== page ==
Alcohol-related liver disease is caused by excessive consumption of alcohol.
Excessive alcohol consumption contributes to three types of liver disease:
(a) fatty liver, where excess fat deposits in the liver;
(b) Alcohol-related hepatitis, in which the liver cells get damaged (inflamed) and
(c) Alcohol-related cirrhosis, in which normal liver tissue is replaced by nonliving (or fibrous) scar tissue. Cirrhosis of liver is irreversible medical condition
Obesity or poor nutritional status (malnutrition), certain genetic factors and underlying liver disease (like viral hepatitis) can contribute or exacerbate alcoholic liver disease.
- Women are more likely to suffer liver damage from alcohol than men.
- Abstinence is the most effective way to prevent alcohol-related liver disease! In the early stages of the disease, liver damage may be reversed if the person stops drinking.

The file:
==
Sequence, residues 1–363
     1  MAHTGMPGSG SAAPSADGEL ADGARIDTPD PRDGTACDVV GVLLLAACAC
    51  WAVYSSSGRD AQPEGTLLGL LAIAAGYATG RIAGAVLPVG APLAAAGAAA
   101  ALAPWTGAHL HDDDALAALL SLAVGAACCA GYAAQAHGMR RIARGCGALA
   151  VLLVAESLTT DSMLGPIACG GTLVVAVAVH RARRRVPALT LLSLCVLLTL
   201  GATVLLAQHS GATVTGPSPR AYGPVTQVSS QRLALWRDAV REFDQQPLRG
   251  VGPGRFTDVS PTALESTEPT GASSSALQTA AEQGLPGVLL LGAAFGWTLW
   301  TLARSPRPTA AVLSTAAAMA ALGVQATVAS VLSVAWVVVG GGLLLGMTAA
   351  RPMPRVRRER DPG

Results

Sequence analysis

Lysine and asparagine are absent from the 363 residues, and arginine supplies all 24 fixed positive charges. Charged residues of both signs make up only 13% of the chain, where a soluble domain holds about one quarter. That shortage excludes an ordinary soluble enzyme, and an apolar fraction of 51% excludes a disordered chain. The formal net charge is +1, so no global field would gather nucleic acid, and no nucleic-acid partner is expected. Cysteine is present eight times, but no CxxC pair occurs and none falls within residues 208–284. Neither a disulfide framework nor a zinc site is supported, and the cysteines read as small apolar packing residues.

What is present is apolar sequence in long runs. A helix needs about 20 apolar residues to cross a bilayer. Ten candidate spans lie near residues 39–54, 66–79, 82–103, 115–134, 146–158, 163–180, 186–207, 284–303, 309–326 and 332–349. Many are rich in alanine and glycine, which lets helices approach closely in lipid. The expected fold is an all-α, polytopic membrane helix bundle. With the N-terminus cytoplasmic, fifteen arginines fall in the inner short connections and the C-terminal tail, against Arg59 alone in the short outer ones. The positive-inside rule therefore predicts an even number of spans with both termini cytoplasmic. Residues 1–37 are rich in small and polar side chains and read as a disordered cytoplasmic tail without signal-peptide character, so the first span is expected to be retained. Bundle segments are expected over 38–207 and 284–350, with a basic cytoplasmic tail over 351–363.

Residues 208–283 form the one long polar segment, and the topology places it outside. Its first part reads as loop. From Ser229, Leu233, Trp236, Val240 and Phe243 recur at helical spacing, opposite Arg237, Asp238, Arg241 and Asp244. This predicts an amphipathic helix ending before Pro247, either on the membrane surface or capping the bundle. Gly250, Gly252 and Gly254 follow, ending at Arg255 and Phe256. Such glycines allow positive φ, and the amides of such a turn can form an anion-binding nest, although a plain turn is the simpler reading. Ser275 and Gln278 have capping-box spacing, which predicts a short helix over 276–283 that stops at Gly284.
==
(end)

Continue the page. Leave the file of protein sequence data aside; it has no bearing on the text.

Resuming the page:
- Majority of heavy drinkers develop fatty liver. Up to 30 to 35 percent develop alcohol related hepatitis and between 10 to 20 percent can develop cirrhosis.
- Alcohol-related cirrhosis is the most serious form of alcohol-related liver disease. Unlike fatty liver and alcohol related hepatitis, the damage from alcohol-related cirrhosis is not reversible and can cause fatal liver failure with high mortality (death). Liver Transplant is only treatment option in such advance disease.